National parks also a draw for suicide

Having mailed a farewell letter to his family back in Minnesota, Jerry Wolff stepped off a shuttle bus on a sunny Sunday morning and disappeared into Utah's rugged Canyonlands National Park.

“I am gone in a remote wilderness where I can return my body and soul to nature. There is no reason for anyone to look for me, just leave me where I am,” he wrote.

No trace of Wolff has been found since he was last seen May 11. Park officials assume the 65-year-old biology professor committed suicide.

Millions of people come to national parks each year to enjoy the splendors of wildlife and natural beauty, but a tiny fraction arrive with a grim agenda.

So far this year, at least 18 people have committed suicide in America's national parks, from the swamplands of the Everglades and the beaches of Cape Cod to the rain-soaked forests of Olympic National Park and the bleak expanse of the Mojave Desert.

For some, the parks are apparently just a convenient place to end it all. Others, though, seem to seek out the beauty and solace of these spots.

“Parks hold a special place in people's hearts,” said Al Nash, a spokesman at Yellowstone, where five suicides have been recorded since 1997. “There are some individuals who feel it's important to have that kind of connection in those final moments.”

As for Wolff, Jim Hughes, the police chief in his hometown of Sartell, Minn., said the St. Cloud State University professor had been to Canyonlands before for research. As for why he apparently took his life, Wolff had “some personal issues,” the chief said. But he said he had no details.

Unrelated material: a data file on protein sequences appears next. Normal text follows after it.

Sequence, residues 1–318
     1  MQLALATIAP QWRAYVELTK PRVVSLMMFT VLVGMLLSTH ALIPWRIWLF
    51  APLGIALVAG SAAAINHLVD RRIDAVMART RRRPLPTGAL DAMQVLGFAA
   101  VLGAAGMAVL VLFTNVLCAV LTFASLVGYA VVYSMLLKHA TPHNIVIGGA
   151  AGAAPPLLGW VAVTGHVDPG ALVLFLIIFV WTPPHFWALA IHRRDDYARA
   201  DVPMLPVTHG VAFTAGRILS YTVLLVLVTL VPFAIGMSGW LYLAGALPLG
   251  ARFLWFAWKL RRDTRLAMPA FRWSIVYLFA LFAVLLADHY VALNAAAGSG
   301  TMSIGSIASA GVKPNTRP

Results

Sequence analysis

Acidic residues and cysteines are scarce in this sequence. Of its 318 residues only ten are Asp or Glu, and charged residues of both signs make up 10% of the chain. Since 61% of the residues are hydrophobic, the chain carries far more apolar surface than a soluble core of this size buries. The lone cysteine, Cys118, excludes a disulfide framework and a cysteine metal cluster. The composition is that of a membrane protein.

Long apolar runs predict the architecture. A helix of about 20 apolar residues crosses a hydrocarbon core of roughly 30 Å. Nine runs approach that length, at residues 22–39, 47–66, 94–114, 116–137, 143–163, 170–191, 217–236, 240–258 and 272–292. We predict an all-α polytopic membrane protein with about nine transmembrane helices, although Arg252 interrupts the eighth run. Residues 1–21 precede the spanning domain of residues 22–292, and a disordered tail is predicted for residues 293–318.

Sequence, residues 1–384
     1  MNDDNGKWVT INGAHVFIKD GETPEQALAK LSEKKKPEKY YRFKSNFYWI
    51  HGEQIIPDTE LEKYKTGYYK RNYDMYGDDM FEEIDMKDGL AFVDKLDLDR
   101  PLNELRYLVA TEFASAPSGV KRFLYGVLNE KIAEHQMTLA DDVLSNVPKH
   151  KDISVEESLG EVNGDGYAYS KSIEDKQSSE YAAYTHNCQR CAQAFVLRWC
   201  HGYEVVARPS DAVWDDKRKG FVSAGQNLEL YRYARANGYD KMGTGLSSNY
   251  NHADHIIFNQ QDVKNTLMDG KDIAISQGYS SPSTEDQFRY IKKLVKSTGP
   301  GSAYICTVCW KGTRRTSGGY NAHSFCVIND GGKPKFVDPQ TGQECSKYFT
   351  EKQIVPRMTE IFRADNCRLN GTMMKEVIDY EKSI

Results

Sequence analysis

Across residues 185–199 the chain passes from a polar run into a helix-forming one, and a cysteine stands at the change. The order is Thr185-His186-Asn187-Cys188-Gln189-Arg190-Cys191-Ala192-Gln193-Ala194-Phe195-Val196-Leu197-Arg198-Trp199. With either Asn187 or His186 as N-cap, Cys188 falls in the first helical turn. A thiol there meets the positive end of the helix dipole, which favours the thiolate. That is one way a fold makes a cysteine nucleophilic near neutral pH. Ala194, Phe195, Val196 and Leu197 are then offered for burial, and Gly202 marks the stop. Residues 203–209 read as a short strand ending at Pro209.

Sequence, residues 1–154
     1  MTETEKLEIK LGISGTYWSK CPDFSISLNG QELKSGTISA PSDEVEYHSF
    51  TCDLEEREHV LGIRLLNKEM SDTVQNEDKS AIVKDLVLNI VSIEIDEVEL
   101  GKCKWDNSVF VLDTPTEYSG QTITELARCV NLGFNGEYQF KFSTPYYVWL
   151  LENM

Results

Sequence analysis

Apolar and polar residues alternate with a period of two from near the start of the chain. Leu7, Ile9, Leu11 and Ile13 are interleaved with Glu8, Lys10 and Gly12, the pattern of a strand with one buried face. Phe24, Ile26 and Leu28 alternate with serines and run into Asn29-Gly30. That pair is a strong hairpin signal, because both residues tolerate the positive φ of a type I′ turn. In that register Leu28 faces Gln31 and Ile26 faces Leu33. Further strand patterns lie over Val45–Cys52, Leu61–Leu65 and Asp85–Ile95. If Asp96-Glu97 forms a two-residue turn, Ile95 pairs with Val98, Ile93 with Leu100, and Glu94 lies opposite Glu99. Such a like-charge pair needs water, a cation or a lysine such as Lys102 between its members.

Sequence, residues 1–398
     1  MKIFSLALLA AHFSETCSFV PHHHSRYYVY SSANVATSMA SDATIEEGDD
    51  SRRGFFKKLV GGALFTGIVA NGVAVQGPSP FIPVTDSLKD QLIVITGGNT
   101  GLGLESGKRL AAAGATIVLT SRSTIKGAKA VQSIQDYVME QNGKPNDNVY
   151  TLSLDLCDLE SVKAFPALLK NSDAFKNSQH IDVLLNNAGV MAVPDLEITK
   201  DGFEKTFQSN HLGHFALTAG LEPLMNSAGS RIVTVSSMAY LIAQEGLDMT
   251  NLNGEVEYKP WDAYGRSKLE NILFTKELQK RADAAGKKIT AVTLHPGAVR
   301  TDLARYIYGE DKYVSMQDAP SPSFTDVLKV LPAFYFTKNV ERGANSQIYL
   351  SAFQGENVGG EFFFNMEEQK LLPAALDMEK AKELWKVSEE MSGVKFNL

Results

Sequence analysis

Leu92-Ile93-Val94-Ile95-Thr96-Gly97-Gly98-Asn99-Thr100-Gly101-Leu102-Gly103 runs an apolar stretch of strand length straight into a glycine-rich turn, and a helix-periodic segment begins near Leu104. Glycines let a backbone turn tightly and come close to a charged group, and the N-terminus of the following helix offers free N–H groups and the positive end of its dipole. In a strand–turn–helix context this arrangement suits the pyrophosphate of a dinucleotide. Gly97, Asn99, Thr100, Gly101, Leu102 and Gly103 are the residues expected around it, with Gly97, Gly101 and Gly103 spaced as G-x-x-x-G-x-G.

The day after Wolff disappeared, searchers found the body of a 27-year-old man who drove into Colorado National Monument near Grand Junction, Colo., parked on the side of a road, walked about 200 yards away and shot himself.

At the same park last October, a 57-year-old woman drove her station wagon off a 250-foot cliff. A few weeks later, a 63-year-old man drove to an overlook at the park called Cold Shivers Point, sat on a rock outcropping overlooking a valley and shot himself.

“It's become known in this area as a place that suicides are happening, but you can be sure the staff here are doing everything we can to prevent them,” said Joan Anzelmo, superintendent of the Colorado National Monument.

Rangers are trained in suicide prevention, and park officials are contemplating closing certain areas at night and adding more guardrails. Employees in places like Grand Canyon are taught to keep an eye out for notes taped to steering wheels.

Ten people have killed themselves at the Grand Canyon since 2004, the most of any park in recent years, according to the Park Service. The 1991 movie “Thelma & Louise” – which ends with the pair driving off a cliff in a convertible – has been blamed by some for a string of copycat suicides at the Grand Canyon, even though the scene was actually filmed at a state park in Utah.

Last year, there were at least 26 suicides or probable suicides in the national park system's 391 units, according to Bill Halainen, who compiles ranger reports daily for the Park Service. The Park Service does not have complete figures for earlier years.

Halainen said he believes the numbers fluctuate from one year to the next, and there is “no clear indication of any sustained upward trend.”